As of today (Monday) Mt van Hoevenberg is hanging tough with their 5k’s of the New Competition, Bobcat, and Mini loops. They say ‘Ski it while you can’ and advise “frozen granular base groomed this morning”, and “Spring Conditions will likely return this afternoon.”
And unless something dramatic changes, this will be the last report of the season. It all seemed to end too quickly, but at least we can remember those solid weeks of perfect powder conditions earlier in the winter.
Barkeater Trails Alliance ski conditions 4/1/21
The graphic below shows the scant snow depth, and the logical tendency for touring centers to cluster at or near where natural geography and local climate favors a better snowpack
The final fizzled snowstorm up north was our April Fool’s joke coming right at the end of the season. I didn’t want to make light of the season by posting yesterday- that would have felt cruel.
The Coronavirus pandemic created a stampede on purchase of outdoors equipment, including cross-country skis. Prospects that this could prove to be an unusual season were borne out anecdotally. Ski touring centers scrambled to position themselves to be ready. But were plans and economics upset by travel restrictions or staffing issues?
A slow start to the XC season yielded to a great mid-season for many of us. But the fantastic February for downstate NY and the mid-Hudson region obscured the fact that the snowpack was short of norms in the north country. Barkeater Trail Alliance says it’s pretty much over for most of the backcountry as well. Reasons for the fast-disappearing snowpack are covered in a post on the Facebook page ‘Northeast skiology‘
The entire World Cup racing season seemed weird. Norway took a month off from the circuit, and got so nervous that races had to find other venues late in the season. Weather wasn’t so wintry at the World Championships: national teams cut up their uniforms into shorts and short sleeves to race in 50-degree weather in Obserstdorf Germany.
On a high note, Jessie Diggins won the crystal globes for both overall and distance points.
Final state of the touring centers
A late blow of snow put a few inches across the north country, but since most centers were already closed, and ground was largely bare, it didn’t do any good. The only areas where extra XC skiing might be possible are some public parks and trails in far northern Vermont or New York, and the trails at Mt van Hoevenberg where a few manmade loops plus some flatland with a touch-up of new snow are open.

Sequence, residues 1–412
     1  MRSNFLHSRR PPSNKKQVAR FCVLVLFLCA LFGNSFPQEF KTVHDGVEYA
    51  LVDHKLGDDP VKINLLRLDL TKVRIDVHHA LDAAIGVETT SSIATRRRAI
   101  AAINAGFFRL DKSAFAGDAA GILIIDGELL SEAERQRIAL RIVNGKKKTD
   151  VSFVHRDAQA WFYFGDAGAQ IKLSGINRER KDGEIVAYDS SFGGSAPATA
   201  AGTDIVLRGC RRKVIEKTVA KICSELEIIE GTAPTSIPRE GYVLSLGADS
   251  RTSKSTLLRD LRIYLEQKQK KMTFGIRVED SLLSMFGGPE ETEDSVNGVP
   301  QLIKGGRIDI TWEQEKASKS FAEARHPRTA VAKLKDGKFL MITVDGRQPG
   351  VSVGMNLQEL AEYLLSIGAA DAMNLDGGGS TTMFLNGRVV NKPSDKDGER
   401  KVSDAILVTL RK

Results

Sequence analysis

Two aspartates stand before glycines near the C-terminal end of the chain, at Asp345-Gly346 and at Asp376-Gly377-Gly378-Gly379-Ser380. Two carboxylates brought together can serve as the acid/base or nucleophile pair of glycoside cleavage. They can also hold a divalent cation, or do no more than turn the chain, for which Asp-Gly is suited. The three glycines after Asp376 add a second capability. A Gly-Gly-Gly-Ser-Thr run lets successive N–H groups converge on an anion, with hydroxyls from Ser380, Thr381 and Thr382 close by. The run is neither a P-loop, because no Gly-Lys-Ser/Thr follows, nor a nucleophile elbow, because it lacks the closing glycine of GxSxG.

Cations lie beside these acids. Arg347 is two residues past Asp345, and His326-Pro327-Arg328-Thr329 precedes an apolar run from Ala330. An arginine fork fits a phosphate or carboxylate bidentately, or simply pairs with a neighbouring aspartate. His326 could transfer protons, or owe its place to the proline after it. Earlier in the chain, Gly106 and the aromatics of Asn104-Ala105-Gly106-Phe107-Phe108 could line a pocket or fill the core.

As an aside, at this time of year I usually find some touring centers basically abandon their website at the season end without saying goodbye formally. The naughty list of season-enders that left their last post up this year are:
For what it’s worth, ‘State of the touring centers‘ is updated. NOHRSC servers seem to be offline today, so here’s a graphic of snowfall for the past 48 hours in the northeast. The lightest blue is for 1″. No area seemed to get more than 4″, which matches observations posted by ski areas.
Yep, it’s time to clean those skis and give them a coat of wax for storage.
Easter is this Sunday and the Waterville Valley Ski Touring Center director’s note says: ‘Stick a fork in it’ for this season. If you really want it you can ski in a couple of places- for groomed trails only Mt. van Hoevenberg is still up, with its 5k manmade loop. State parks and other public lands up north and at elevation may still have some cover.
Keep the gravel and shovels handy for one more week. A late-spring storm could put a few inches down on Thursday night in the most northern and higher elevations of the northeast, meaning a shot at skiable conditions in April on ‘rock skis’ for a few lucky folks.
BETA report is hanging hope on a late-season snowstorm. The High Peaks is in a zone where several inches of snow could fall after the rains midweek. Had our region not experienced two weeks of above-normal temps, many areas might have kept a base that could get a refresh later this week. Ah well.
Because I’m tracking the season from open to close, ‘State of the touring centers‘ is updated, for what it’s worth. The last bits of the snowpack are shown in the graphic below:
Blustery today (Monday) and cool. Spotty snow showers early in the day. Areas at elevation as far south as Lake Minnewaska could get a few inches of snow.
Significant precipitation expected starting Wednesday, with some possible river flooding due to rain and snow melt. By Thursday late afternoon, precipitation could become snow in far northern New York and Vermont, where elevated areas might get 6″ of late-season snowfall by Friday morning.